Friends like broccoli

Five minutes of anxiety. Thats all I felt on the way to party. Getting ready I felt annoyed with myself because my favorite denim shirt was not where I thought it was and my flannels are way too casual and too warm for the evening.  And all of my other tops have become alarmingly tight around my middle – damn dryer. Hubby helped me look through the sorted but not yet put away laundry baskets.

He found the shirt!

He was my hero for a shiny yet brief moment of time until I noticed the time and felt the all too familiar tugs of guilt and shame as my inner voice whispered “you don’t deserve to go to a party if you can’t get there on time. Are you seriously late because you got so fat that you only fit into 1 decent top? You lazy pig, just stop eating already”.

I swallowed that message and headed out the door. We still needed to get something to take. Some drinks and maybe a dessert I was thinking.

My head was in full on assault now. “You’ve known about this party for weeks, how on earth is it that you are now 15 min after the party started and just now thinking of what to bring? Seriously, for shame, you don’t deserve to go to a party. How rude to be so late! What if the food is cold when you get there? What if they all wait on you, watching while the food gets cold? What if we all have to eat reheated food all because of you? You are so selfish. It’s no wonder you don’t really have friends. They only invited you to be polite and you can’t even be polite enough to get there on time.”

I knew enough to simply ignore my head at this point. Like a toddler in full on temper tantrum, I was spewing out irrationality left and right. I recognized this and grabbed the cookies and drinks and headed to the check out all while no one seemed to know there was a meltdown of epic toddler proportions beneath my calm looking smile.

Rush back to the car, and start driving. Drive for about 15 minutes when Hubby says “where does this friend live?” I look around and try to figure out where I am going. I had been so happy to start driving that I was on auto-pilot and not actually headed to a destination. oops. (yes I actually yelled fuck and rolled my eyes at myself in the mirror, but oops sounds so much cuter)

OK, a quick survey, we weren’t too far off course, only added about 5 minutes if I took the next exit. My head almost started in on me about being late and now being later because I’m too stupid to remember how to get from point A to point B and actually remember how to drive – but I squashed it again and turned on the radio. But I felt my heart racing and sweat  brewing.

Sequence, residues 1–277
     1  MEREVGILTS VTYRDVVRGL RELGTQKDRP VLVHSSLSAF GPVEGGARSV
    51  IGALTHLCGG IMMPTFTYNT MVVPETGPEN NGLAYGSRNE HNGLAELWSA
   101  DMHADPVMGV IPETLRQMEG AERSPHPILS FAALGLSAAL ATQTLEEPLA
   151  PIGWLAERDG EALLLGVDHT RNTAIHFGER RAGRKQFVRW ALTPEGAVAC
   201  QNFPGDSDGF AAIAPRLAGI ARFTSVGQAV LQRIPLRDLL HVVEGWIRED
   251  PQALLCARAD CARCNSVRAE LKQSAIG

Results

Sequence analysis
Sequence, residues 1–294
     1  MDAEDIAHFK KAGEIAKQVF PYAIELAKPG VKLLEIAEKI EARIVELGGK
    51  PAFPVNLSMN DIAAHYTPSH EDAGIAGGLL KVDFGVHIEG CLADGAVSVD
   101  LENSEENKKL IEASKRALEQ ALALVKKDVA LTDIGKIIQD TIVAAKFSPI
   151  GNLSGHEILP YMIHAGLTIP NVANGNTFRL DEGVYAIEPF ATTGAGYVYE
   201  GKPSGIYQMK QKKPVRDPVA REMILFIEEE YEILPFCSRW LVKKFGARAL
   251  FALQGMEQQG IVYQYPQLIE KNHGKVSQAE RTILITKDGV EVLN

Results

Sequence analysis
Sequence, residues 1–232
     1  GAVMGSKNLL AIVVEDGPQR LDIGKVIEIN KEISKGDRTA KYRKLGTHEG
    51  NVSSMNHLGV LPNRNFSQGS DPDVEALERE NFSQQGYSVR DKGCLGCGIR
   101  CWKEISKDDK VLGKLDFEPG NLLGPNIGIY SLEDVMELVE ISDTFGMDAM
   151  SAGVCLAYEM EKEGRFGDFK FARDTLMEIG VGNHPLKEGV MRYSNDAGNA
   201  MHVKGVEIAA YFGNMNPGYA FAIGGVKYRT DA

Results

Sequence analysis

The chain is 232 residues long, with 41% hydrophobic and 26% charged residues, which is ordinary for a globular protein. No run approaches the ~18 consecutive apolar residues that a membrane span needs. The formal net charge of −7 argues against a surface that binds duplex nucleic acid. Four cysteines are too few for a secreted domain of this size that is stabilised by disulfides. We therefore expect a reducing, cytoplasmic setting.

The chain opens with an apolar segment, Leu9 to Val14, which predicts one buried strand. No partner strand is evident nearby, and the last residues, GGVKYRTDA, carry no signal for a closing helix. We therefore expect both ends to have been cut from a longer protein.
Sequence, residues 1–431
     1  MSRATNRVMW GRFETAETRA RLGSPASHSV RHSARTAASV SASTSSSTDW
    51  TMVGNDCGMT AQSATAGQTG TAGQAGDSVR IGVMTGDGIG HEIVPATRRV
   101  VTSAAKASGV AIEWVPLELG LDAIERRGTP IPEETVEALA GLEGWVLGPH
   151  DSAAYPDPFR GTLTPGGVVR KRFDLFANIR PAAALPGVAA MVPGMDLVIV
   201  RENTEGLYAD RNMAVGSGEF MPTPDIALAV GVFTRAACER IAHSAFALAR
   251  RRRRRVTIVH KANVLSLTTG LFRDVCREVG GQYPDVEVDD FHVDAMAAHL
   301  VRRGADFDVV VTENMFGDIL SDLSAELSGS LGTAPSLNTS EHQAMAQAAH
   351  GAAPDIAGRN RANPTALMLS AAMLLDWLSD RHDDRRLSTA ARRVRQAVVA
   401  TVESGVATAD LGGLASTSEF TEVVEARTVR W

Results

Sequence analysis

We made it, and I actually laughed when I saw we were guest # 2, not even close to the latest. I stuck out my mental tongue at my inner toddler as I was greeted with warm hugs and smiles and directed towards the appetizer table. As I filled my plate and grabbed a beer – I felt happy. I did it. Again. I have found that getting through the pre-social anxiety is the worst part, surviving the evening is usually easy after that, just have to get out the door and into the next. We all laughed and ate and had a nice time telling stories, some new, some we’d heard a hundred times over but still laugh at the good parts.

And then a friend left early with her new partner. And all the good feelings were gone in a flash. the mood went from relaxed and joyful to dreadfully concerned and downright pissed. See, this friend is newly divorced, ending a 30 year marriage full of anger and control. 3 months ago she started dating, and 2 months ago she moved in with this new person. And this new person appears to be just as controlling as her ex. The inner circle is pissed. We all see the changes and have tried to warn this friend, but she says she is fine, we are over-reacting. It’s no big deal this person makes her sleep on the couch as punishment when she forgets to take out the trash. No big deal she gave up her puppy because this person doesn’t care for dogs. No big deal that this person makes her go home early every time now, even though she used to be a ‘last call’ kind of girl.

I nodded my head as my friends shared their concern and discussed ways to ‘save’ this friend. I learned the new person came from an abusive relationship and apparently my friend thinks she can counsel and make this person change – if she is patient. It isn’t this new person’s fault, been through so much. Our friend says she is fine. She wanted to go home early. She says she can’t hang out with us so much because this new person feels threatened by us. She says  she can’t call or text us so much because this new person gets angry and jealous and it’s just easier if she plays it cool. No big deal.